Fluoride-Free NZ, as the country's "leading advocate for science in the fluoridation debate," has formally accept Health Minister Andrew Little's 'offer' to publicly air the science on the issue, 'challenging those who wish to ignore that science,' as reported by Stuff last month.
National co-ordinator Mary Byrne applauded Little's initiative, "in light of years of claims that the science is settled; there is nothing to debate."
"We agree that there is far too much misinformation and disinformation spread about fluoridation, and far too many decision-makers ignoring the science and relying instead on their personal belief systems. It is indeed well past time the public got to hear the true science on this issue," she said.
"The value of this was well demonstrated in New Plymouth in 2011 and Hamilton in 2013, where the science was aired in tribunal-style hearings. Research being prepared for publication shows that tooth decay has continued to reduce in New Plymouth since (fluoridation) stopped, at the same rate as the still-fluoridated communities."
AdvertisementAdvertise with NZME.
The strength of the science that had emerged since the Gluckman-Skegg report in 2014 was impressive, she said, the best studies on fluoride and neurotoxicity so far having been published since 2017.
"They show categorically that fluoride is a neurotoxin, and is toxic at what we consider today to be low doses," Byrne added.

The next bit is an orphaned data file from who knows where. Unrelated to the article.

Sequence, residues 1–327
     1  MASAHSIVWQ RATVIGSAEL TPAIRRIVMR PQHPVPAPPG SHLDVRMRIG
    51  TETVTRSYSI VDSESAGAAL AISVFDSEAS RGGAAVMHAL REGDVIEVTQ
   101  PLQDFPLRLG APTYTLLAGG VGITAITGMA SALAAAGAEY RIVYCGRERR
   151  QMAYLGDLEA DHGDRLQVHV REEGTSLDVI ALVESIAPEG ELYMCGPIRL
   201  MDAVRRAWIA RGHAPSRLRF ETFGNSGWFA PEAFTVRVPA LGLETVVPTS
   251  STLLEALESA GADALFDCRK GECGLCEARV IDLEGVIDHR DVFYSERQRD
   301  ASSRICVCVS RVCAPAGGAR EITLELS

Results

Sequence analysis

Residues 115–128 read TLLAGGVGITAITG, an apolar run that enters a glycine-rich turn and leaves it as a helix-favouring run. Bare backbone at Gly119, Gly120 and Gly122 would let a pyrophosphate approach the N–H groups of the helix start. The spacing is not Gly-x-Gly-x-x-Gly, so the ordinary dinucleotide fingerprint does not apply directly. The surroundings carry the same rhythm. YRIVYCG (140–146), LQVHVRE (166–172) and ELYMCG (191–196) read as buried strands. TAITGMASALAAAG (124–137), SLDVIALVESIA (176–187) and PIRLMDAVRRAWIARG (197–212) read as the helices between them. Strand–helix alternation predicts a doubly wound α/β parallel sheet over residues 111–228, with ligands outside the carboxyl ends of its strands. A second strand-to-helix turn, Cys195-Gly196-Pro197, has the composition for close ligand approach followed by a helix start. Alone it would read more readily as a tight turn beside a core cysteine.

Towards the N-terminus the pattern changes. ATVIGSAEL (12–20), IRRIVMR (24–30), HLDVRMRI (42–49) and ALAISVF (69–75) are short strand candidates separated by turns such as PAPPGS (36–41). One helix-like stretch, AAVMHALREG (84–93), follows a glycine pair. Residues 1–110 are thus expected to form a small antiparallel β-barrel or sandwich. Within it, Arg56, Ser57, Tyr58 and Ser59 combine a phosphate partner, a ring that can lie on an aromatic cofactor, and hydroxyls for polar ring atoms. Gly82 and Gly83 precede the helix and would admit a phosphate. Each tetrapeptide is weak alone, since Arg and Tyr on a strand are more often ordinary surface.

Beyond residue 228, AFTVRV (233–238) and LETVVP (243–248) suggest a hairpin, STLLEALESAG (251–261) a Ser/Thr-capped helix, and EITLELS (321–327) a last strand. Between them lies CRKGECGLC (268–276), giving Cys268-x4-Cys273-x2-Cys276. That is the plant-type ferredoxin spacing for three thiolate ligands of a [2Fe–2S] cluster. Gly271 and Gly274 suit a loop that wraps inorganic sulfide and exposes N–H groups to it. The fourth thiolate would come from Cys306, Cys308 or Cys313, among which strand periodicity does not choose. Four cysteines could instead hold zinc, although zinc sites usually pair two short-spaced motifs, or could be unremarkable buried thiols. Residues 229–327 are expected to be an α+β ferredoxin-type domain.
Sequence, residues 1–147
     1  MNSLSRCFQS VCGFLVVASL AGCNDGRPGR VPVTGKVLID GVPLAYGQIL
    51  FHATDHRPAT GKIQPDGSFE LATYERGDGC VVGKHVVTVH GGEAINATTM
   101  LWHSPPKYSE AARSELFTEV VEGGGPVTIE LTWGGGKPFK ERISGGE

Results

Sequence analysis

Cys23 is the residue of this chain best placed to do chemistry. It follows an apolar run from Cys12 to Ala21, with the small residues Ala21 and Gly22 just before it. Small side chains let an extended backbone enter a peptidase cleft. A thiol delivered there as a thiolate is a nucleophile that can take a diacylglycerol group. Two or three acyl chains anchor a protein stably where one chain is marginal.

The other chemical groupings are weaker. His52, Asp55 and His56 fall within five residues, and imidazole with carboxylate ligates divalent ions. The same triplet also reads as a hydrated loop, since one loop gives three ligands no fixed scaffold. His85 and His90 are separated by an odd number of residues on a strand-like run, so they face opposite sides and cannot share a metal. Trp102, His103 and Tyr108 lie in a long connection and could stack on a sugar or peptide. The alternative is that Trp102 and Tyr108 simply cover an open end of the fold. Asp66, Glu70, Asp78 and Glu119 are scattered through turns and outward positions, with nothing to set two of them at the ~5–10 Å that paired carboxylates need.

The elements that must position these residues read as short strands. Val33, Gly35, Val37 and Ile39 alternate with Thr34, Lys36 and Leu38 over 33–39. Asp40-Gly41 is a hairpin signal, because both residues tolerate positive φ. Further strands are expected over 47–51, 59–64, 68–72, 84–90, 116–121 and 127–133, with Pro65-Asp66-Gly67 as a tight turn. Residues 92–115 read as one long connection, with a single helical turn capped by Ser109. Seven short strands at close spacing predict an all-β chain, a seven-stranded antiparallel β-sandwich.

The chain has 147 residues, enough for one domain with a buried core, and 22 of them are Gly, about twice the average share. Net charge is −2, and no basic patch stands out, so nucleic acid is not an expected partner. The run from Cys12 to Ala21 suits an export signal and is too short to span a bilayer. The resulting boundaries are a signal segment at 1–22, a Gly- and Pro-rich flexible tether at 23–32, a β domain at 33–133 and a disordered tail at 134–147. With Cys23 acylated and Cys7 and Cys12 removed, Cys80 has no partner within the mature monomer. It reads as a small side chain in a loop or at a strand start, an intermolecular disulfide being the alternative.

"One of the Canadian studies was published in the prestigious JAMA Pediatrics. The editors of this journal released a podcast explaining their decision to publish the study, and said they were shocked at how robust the study was. They said the implications are that fluoride is like lead, and fluoridation is similarly providing a low, chronic dose that is not good for anyone, but particularly bad in-utero and during infancy.
"As the NZ Supreme Court has ruled that water fluoridation is compulsory medical treatment under section 11 of the NZ Bill of Rights Act, but did not come to a consensus as to whether it was a justified limitation of the right under a Section 5 analysis (contrary to reports), it is more essential than ever that the science be publicly aired.
"We take from your statement that you are also calling on the media to provide a platform for this debate so the public can hear both sides in a fair and equal manner. To be most useful to the public, we consider that such a 'debate' needs to be in the form of an enquiry rather than point-scoring via debating techniques. It needs to be transparent and public, and the government needs to take financial responsibility for ensuring all views can be heard."